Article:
tv

The true story behind one of the most harrowing scenes in smash-hit drama The Cry. 

The people of Australia are currently both equal parts captivated and horrified by The Cry, the hit BBC drama now airing on ABC.

The Cry kicks off with new mother Joanna (played by Jenna Coleman) and her husband Alistair (played by Ewen Leslie) leaving Scotland with their baby son Noah to visit Australia.

However, it’s not just an idyllic holiday that has drawn them overseas, as they are also there to fight for custody over Alistair’s teenage daughter Chloe (played by Markella Kavenagh) against his Australian ex-wife Alexandra (played by Asher Keddie) and things quickly take a turn for the worst.

Check out the trailer for The Cry below. Post continues after video.

This captivating four-part psychological thriller is actually based on the novel of the same name by Helen FitzGerald and follows a very similar narrative to the book with just a few different scenes thrown in for good measure.

The TV adaption of the novel is already an international hit with critics and viewers alike, with over six million people tuning in to watch the series when it premiered on BBC One last year. It then went on to notch up a staggering 10 million-plus plays via BBC’s iPlayer and has gone on to enjoy international critical acclaim.

In the first episode of The Cry, schoolteacher Joanna is recounting her life as a troubled parent and wife via flashbacks to a psychologist, who we later learn has been appointed by the court. In one of the more intense and upsetting flashback scenes, she recalls the family’s journey to Australia.

In the flashback, Joanna reluctantly boards the long-haul flight from Scotland to Australia with her husband, even though she is nervous about the trip and suffering from post-natal depression.

During the flight to Australia, Alistair easily falls asleep leaving Joanna alone to desperately comfort a screaming Noah, who cries for pretty much the full duration of the overnight flight. After being asked by a flight attendant to keep the baby quiet as other passengers had made complaints, Joanna lashes out at the people on the flight, screaming at them that if anyone can do better than her then they are welcome to have a go.

ADVERTISEMENT

It’s an intense scene to watch, and one that would make parents in particular ache with sympathy for her.

Of course, this sequence on the plane leads into a series of horrible, twisted events that take place later in the four-part drama series, while also playing an important role in providing the audience with a glimpse into Joanna’s own mental state.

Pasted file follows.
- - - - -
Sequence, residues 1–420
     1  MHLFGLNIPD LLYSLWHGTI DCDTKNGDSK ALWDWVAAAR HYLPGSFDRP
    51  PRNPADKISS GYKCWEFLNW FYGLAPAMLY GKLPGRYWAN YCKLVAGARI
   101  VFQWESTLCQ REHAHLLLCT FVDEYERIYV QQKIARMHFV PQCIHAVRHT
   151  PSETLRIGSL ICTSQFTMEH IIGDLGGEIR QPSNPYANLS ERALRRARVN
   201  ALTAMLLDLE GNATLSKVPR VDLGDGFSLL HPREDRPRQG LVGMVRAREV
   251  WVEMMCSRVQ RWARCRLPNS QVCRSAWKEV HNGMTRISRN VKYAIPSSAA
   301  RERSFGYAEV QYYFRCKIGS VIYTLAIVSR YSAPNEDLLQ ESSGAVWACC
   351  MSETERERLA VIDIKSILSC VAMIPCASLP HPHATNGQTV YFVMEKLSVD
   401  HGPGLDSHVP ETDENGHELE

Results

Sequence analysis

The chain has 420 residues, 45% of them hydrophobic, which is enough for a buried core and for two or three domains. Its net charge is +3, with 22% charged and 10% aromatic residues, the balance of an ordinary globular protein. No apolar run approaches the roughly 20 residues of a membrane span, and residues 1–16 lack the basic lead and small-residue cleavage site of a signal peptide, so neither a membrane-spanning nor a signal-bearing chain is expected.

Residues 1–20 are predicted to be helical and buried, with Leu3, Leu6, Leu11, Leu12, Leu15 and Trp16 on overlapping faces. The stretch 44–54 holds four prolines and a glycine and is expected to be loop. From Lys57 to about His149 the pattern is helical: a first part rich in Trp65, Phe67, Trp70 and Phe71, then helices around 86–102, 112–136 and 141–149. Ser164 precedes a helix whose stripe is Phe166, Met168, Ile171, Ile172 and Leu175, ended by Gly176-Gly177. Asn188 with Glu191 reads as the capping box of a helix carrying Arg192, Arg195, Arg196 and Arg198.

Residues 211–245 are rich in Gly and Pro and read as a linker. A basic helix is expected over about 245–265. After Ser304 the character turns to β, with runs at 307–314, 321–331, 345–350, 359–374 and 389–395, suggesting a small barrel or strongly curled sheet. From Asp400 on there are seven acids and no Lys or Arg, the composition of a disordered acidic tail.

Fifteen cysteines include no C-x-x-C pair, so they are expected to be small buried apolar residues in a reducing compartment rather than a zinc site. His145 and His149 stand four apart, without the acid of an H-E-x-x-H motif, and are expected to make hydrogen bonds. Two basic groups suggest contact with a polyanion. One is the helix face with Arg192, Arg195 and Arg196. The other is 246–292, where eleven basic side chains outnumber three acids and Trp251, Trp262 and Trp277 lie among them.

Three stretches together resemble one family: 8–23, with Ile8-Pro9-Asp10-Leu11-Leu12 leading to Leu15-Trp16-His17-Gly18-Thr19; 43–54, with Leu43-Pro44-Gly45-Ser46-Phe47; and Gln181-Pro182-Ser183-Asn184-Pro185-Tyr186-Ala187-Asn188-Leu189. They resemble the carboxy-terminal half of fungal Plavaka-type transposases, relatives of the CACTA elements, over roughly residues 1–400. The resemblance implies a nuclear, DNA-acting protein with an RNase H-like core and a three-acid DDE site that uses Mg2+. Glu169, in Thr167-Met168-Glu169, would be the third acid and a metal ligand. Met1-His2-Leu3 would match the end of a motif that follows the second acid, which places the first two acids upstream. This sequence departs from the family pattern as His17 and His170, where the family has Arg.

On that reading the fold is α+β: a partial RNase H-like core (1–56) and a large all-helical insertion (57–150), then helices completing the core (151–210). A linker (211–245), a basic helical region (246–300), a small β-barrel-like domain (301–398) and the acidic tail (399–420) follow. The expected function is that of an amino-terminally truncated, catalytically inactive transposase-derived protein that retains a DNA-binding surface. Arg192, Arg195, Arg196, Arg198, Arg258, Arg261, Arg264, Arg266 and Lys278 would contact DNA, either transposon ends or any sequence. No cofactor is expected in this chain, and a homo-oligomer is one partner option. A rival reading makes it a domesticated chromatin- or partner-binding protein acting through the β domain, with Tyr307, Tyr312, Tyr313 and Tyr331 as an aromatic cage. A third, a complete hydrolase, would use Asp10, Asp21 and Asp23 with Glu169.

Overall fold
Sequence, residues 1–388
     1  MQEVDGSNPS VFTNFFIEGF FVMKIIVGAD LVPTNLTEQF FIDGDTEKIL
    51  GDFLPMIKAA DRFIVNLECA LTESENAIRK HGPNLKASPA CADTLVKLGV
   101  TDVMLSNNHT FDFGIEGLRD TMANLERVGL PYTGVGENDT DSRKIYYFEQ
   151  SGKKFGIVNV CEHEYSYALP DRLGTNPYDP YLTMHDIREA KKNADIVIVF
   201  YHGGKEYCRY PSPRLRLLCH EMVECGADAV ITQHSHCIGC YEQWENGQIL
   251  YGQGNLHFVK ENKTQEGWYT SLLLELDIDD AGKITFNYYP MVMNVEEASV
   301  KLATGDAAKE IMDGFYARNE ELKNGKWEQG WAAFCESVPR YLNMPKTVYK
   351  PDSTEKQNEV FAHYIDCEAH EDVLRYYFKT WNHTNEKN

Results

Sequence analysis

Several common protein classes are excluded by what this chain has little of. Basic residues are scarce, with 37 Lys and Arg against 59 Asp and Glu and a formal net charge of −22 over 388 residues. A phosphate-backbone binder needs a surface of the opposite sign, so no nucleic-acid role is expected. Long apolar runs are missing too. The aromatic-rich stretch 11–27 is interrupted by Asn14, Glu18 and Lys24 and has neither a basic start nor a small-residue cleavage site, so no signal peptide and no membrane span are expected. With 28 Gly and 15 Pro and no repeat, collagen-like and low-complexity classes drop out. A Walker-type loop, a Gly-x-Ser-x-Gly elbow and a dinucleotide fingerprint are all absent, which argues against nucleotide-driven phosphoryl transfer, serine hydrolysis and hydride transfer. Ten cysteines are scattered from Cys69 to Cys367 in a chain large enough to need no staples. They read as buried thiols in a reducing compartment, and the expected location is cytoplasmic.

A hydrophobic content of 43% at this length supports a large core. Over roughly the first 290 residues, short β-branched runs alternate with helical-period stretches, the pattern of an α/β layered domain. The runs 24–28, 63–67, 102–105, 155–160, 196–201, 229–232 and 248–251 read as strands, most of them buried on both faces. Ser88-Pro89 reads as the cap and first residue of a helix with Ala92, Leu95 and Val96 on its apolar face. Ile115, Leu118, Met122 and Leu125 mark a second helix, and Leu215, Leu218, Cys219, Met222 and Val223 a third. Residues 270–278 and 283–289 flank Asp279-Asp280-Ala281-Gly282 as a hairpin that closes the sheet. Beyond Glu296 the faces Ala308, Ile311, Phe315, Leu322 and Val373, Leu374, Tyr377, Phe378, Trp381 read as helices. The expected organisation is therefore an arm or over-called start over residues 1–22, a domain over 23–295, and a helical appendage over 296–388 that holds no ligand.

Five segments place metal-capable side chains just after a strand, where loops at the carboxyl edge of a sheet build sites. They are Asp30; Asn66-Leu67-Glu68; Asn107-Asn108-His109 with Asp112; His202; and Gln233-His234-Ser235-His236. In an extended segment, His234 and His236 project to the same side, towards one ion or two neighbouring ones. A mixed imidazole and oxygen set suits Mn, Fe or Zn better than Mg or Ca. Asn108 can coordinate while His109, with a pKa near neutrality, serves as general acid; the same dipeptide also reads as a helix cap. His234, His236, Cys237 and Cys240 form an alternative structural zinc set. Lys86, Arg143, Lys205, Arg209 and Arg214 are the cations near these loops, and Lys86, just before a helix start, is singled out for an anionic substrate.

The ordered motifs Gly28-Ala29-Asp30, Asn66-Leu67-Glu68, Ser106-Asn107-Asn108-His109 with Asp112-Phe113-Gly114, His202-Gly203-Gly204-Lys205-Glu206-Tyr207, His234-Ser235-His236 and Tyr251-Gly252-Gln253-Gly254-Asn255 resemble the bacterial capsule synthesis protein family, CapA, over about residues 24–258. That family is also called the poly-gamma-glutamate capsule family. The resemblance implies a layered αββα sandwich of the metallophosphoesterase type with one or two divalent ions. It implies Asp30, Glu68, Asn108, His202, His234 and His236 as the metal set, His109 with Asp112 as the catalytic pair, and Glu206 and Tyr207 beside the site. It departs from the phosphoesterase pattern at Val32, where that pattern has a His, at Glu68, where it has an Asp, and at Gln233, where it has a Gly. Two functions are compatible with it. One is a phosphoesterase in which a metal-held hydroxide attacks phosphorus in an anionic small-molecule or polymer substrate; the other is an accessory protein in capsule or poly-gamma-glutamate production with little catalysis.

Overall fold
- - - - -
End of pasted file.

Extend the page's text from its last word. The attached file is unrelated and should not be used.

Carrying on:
Although the majority of the plot is just brilliantly penned fiction, there were some moments from Helen’s own life that inspired the novel.

According to the author, the plot of The Cry came to her after enduring two “nightmare flights” to Australia, flights similar to what we see Joanna and her son endure.

“A few hours after my dad was diagnosed with a brain tumour, I jumped on a plane with my two children, then five and two. I was upset and not particularly in control of my toddler while I was sobbing in my seat,” Helen told Crime Fiction Lover at the time of the book’s release in 2013.

“When the air hostess approached me, I was expecting her to ask if she could help in any way, but she leaned down and said ‘your children are upsetting the passengers’, I went a bit nuts. This is basically what happens to Joanna in the first chapter of the book.

“Nine years later, I was doing the same trip for the same reason. I had no children with me for this flight, but the woman in front of me had three under five. They screamed for eight hours, and I wanted to kill her. How quickly we forget…

“Despite the screaming children, I wrote the final scene of The Cry on that flight.”

Helen’s story is a sobering reminder that even the most mundane of activities can quickly turn into nightmares, and that there is always a thread of truth in very god fictional story.

The Cry will air tonight Sunday 3 February at 8.30pm, with all four episodes available to binge on ABC iview, audiences won’t have to wait for each gripping installment.

Want more from Laura Brodnik? Visit our newsletter page and sign up to “TV and Movies”  for a backstage pass to the best movies, TV shows and celebrity interviews (see one of her newsletters here). 

Light blue and pink butterfly illustration. You click, we help. Shooting star illustration.

Mamamia is funding 100 girls in school, every day.

So just by spending time with Mamamia, you’re helping educate girls, which is the best tool to lift them out of poverty.

Thanks for helping!

Light blue and pink butterfly illustration. Girl with pigtails sitting at desk writing in notebook. Row of four books.
Three hands holding books
00:00 / ???